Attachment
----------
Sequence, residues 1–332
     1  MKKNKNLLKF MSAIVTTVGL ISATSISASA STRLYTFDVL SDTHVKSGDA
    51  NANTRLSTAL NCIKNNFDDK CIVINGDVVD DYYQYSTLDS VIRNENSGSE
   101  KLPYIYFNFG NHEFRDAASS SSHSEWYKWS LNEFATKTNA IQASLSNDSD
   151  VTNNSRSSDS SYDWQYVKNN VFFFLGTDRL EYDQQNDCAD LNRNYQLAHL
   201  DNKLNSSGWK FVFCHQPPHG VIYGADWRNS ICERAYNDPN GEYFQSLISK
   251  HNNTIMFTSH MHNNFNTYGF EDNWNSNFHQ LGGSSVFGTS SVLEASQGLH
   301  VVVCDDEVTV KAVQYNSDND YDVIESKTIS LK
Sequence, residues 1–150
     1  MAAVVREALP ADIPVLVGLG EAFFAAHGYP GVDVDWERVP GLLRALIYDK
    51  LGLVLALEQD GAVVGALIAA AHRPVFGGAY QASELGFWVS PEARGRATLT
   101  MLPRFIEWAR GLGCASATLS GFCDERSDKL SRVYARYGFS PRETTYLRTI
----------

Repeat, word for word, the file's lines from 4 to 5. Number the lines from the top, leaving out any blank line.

   101  KLPYIYFNFG NHEFRDAASS SSHSEWYKWS LNEFATKTNA IQASLSNDSD
   151  VTNNSRSSDS SYDWQYVKNN VFFFLGTDRL EYDQQNDCAD LNRNYQLAHL